There’s a long-held myth that cats wag their tails when they’re angry, and dogs when they’re happy. But this isn’t always true. Dogs’ tails have a number of different purposes, including aiding balance, fending off insects, and increasing or minimising scent. And just as humans use body language to communicate emotion, so do dogs. The wag of a dog’s tail can communicate a great deal about how a dog is feeling, both to other dogs and to humans.
You can tell a lot about a dog’s mood by how fast his or her tail is moving and the direction of the wag. Studies show that dogs wag their tails to the right when they are happy and to the left when they are frightened. While the points below provide a rough guide, when reading a dog’s tail, it is important to look at their entire body. If a dog’s tail is wagging to the right but he or she has stiffened muscles, dilated pupils, tense facial muscles, or ears pinned forward or back, it is probably best to keep your distance.
A tail held high in the air, whether wagging or still is a sign of assertiveness – a message to other dogs to back down. "Alpha" or dominant dogs carry their tails higher to release more of their scent.
This is a dog’s way of flying under the radar. A tail held low signifies fear or caution. Your dog may be feeling a little frightened or anxious about their situation.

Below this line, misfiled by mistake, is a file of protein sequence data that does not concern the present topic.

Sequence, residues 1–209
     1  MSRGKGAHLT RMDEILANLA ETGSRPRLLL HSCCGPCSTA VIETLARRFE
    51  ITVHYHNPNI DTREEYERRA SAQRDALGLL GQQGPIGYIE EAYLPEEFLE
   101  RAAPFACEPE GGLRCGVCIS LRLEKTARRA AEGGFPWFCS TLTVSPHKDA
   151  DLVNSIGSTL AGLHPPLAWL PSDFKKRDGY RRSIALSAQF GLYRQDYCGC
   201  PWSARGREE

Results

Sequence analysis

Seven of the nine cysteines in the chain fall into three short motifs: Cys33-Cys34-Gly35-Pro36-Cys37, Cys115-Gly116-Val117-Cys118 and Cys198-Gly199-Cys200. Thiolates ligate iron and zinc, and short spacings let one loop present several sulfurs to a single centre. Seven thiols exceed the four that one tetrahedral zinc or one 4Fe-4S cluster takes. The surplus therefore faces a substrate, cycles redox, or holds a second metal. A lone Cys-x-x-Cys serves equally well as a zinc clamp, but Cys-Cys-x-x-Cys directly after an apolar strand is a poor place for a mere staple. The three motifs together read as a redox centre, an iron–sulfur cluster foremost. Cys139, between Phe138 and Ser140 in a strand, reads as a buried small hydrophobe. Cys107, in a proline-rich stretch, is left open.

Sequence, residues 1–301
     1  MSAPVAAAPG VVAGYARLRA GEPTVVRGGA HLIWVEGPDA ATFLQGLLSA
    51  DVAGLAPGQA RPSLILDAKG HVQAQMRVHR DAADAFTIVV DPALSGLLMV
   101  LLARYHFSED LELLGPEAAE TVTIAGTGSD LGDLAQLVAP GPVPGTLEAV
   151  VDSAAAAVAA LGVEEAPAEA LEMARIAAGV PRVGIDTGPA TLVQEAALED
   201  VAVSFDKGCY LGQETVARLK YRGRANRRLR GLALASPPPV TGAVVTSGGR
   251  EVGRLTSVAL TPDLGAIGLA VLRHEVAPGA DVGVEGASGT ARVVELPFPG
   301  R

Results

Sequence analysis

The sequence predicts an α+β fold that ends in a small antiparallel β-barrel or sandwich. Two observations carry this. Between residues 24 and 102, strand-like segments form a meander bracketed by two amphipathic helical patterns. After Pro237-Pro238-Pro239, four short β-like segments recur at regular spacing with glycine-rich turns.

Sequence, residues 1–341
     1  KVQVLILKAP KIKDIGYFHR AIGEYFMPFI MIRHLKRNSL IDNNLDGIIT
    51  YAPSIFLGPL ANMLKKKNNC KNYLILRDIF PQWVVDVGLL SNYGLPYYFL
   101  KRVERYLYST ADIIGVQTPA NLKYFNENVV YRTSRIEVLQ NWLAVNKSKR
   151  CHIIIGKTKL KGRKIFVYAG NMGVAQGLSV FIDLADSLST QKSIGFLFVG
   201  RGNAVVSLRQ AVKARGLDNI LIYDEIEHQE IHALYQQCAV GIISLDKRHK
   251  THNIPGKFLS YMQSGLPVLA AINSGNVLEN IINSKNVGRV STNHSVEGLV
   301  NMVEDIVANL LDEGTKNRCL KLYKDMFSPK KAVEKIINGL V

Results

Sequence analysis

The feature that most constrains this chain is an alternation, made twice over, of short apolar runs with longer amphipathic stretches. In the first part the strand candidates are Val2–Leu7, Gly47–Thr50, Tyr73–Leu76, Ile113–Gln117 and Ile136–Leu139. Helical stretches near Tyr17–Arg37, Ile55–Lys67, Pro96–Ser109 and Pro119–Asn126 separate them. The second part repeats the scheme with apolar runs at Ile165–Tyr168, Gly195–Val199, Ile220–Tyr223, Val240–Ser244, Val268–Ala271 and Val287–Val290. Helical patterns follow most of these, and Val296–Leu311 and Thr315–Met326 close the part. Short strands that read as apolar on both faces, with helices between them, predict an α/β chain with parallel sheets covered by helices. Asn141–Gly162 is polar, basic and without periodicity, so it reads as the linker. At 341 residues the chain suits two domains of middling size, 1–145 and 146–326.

The common saying “walking with a tail between their legs” comes from the common dog behaviour. When dogs are frightened or insecure and don’t want to release their scent, they will tend to walk with their tail between their legs. A slow wag with tail at 'half-mast' in neither a particularly dominant (high) nor a submissive (low) position is also a sign of insecurity.
A slight wag is usually seen during greetings as a tentative "Hello there," or a hopeful "I'm here!" A broad wag is also friendly and is the dog’s way of communicating that he or she is not challenging or threatening you. This kind of wag is probably the closest concept to the happiness wag, especially if the tail seems to drag the hips with it.
A tiny high-speed wag (almost like a vibration) can be a sign that a dog is getting ready for action – often a run or a fight. Be aware that if your dog’s tail is held high while wagging quickly, it could be an active threat.
Some breeds of dogs, like whippets, are more likely to hold their tails low, whereas Akitas and Pomeranians have naturally high tails. To more accurately understand your own dog, ask your vet for more information.